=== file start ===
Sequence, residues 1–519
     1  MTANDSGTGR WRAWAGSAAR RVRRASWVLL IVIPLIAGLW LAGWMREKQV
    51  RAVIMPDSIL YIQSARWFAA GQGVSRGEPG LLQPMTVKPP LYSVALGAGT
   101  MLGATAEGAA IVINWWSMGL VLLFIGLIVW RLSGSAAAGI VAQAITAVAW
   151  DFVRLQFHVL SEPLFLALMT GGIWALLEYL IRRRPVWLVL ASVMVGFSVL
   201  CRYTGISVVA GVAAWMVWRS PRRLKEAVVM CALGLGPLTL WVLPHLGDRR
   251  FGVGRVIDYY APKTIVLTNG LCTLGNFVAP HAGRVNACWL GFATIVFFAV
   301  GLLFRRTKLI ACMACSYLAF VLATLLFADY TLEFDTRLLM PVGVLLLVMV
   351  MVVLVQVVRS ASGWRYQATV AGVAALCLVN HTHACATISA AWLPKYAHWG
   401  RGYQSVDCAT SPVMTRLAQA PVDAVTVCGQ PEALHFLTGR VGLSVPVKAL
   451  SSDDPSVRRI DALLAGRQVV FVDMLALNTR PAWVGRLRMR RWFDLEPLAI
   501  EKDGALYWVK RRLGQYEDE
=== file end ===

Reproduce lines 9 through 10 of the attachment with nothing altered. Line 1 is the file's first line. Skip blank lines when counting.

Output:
   351  MVVLVQVVRS ASGWRYQATV AGVAALCLVN HTHACATISA AWLPKYAHWG
   401  RGYQSVDCAT SPVMTRLAQA PVDAVTVCGQ PEALHFLTGR VGLSVPVKAL